“Ukrainian radicals beat up children for speaking Russian” (FAKE); “University student expelled for asking President Poroshenko an ‘uncomfortable question’” (FAKE); “Ukrainian Armed Forces recruited mercenaries from Croatia” (also FAKE). This is just a small selection of recent ‘news stories’ about Ukraine, disseminated by Russian media and debunked by StopFake.org, a Kiev-based fact-checking site, now expanding across Europe.
StopFake was set up in March 2014 by teachers and graduates of the Kyiv-Mohyla School of Journalism. It aimed to counter a rise of ‘information aggression’ from Russian sources that followed Kiev’s EuroMaidan protests and Russia’s annexation of Crimea.
Three years later Russian disinformation is reaching new audiences across Europe. “The situation has changed,” said Ruslan Deynychenko, a co-founder of StopFake.
“Russian propaganda hasn’t disappeared; it’s just become more subtle and sophisticated. It is now spreading beyond Ukraine, to other European countries. I would say they mastered those mechanisms here in Ukraine and now use it effectively in Europe,” Deynychenko said.
StopFake is adapting to this new challenge and has broadened its remit. The site now aims to increase awareness of fake news across other post-Soviet countries and the EU, as well as in Ukraine. “We want [others] to learn through our errors and use our experience in countering Russia’s propaganda,” Deynychenko explained.
The StopFake team also promote media literacy and conduct research into how propaganda works – and how to counter it.
The site, which originally operated only in Russian and English, now has platforms in Spanish, Italian, Romanian, Bulgarian, French and Dutch. Czech and German language versions have recently also been launched.
Most StopFake editors are native speakers, living either in Ukraine or their home country. They translate news from Russian or English into their native language and monitor their local media content for Russian spin.
Disinformation in Europe
Mauro Voerzio, an activist and citizen journalist, edits StopFake in Italian.
Voerzio cites his favourite examples of fake news stories and hoaxes that have appeared in the Italian press: Marta Grande, a representative of Beppe Grillo’s movement, claimed Ukrainian soldiers are cannibals; an Italian journalist said Ukrainian nationalists are fighting in Aleppo on the side of ISIS; Berlusconi’s Il Giornale claimed that Sergei Polunin, the ballet dancer, was a Nazi Ukrainian.
Recent fake stories also concerned the earthquakes in Italy. For instance, several websites claimed Putin donated €10 billion and Russia’s Ministry of Civil Defence sent a task force to help Italy.
Voerzio believes many anti-Ukrainian fake stories that appear in Italy’s media are spread by organisations owned by Silvio Berlusconi’s powerful media-owning family. Berlusconi himself is reported to have a close friendship with Vladimir Putin.
Russian news sites, such as Sputnik, also disseminate content in Italy, through their own sites or social media, in the Italian language.
Voerzio said there is a market for Russian content in Italy. “Here in Italy we also have a very strong communist community which considers Putin to be a new Stalin who is going to restore the dream of communism in Europe. There are also people who follow the political organisation of Beppe Grillo, an Italian comic. They also have strong ties with Russia.” Lega Nord, a xenophobic political party, is another Italian group with possible Russian links, Voerzio added.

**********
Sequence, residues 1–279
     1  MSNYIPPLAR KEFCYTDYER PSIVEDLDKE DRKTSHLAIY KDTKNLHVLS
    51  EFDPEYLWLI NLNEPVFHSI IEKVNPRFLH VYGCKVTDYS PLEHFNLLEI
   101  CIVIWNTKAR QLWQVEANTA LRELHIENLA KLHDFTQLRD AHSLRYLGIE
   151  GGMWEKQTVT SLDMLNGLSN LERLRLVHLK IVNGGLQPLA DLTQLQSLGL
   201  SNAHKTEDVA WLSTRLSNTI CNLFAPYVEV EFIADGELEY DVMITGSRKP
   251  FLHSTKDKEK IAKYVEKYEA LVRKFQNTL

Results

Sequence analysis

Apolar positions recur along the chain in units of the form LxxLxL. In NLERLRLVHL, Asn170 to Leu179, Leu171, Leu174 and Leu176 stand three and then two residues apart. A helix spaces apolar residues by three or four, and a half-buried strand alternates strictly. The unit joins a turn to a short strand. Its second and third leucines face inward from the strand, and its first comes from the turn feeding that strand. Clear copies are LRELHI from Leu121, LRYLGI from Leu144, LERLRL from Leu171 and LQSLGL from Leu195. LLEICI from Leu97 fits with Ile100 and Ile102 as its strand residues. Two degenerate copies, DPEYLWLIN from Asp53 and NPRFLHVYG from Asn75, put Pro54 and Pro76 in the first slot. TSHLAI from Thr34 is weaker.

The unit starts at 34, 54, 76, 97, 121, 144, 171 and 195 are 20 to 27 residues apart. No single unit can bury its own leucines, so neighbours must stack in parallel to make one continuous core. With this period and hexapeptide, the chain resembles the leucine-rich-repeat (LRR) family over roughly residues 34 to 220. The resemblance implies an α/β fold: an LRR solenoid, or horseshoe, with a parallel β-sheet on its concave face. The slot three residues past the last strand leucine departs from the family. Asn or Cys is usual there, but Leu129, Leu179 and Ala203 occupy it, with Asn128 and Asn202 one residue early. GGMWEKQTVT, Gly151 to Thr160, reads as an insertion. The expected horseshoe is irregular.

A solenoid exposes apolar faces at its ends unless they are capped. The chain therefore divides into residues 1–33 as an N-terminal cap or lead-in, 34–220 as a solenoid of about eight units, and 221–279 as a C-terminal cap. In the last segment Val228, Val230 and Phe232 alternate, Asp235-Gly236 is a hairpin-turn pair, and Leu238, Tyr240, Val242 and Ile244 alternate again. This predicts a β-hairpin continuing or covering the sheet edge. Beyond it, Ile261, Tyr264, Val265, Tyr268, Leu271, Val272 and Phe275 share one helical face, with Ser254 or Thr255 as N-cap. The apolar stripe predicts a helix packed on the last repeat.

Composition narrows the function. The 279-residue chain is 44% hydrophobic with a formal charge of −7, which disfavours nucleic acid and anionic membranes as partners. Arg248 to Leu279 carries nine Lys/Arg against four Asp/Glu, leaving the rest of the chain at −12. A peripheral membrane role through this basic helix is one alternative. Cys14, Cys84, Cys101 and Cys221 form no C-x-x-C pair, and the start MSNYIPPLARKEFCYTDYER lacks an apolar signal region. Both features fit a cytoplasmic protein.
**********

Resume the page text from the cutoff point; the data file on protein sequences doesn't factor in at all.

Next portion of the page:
Most of the early followers of the Italian StopFake platform were members of the Ukrainian diaspora in Italy, but Voerzio believes the site’s audience is changing.
“Many Italians started to follow our page. Journalists have begun to understand that there is something wrong with Russian propaganda and it’s not normal that some Italian political parties speak more about Russian sanctions than about Italian problems,” he said.
Responding to the new challenges
In Kiev the StopFake team works for both foreign and Ukrainian audiences. Apart from the website, they produce Russian-language audio newscasts transmitted by Hromadske Radio to a number of Ukrainian towns including those in the Donbass region, an area at war.
“It’s very important, as we even have Ukrainian-controlled territories in the east where people don’t have the chance to watch Ukrainian television because it either doesn’t reach these areas at all or Russia blacks it out with its TV towers from its territory,” Ruslan Deynychenko explained.
StopFake recently held a series of fact-checking workshops in Ukraine, Kazakhstan and Georgia. Together with colleagues from central and eastern European countries, the team has launched a project designed to counter pro-Kremlin disinformation. In early November, the website also joined the social platforms/global newsrooms network of First Draft partners which aims to improve the quality of online journalism.
On its website, StopFake emphasises that it is not funded by any official Ukrainian organisation or government agency, and that its main aim is not politics, but journalism. “We are a journalists’ organisation whose primary goal is to verify information, raise media literacy in Ukraine and establish a clear red line between journalism and propaganda.”
The network is funded by crowdfunding and donations. It is also supported by the international Renaissance Foundation, the Foreign Ministry of the Czech Republic, the British Embassy in Ukraine and the Sigrid Rausing Trust.
You may also be interested in other EJO stories about StopFake:
Photos: screenshots from StopFake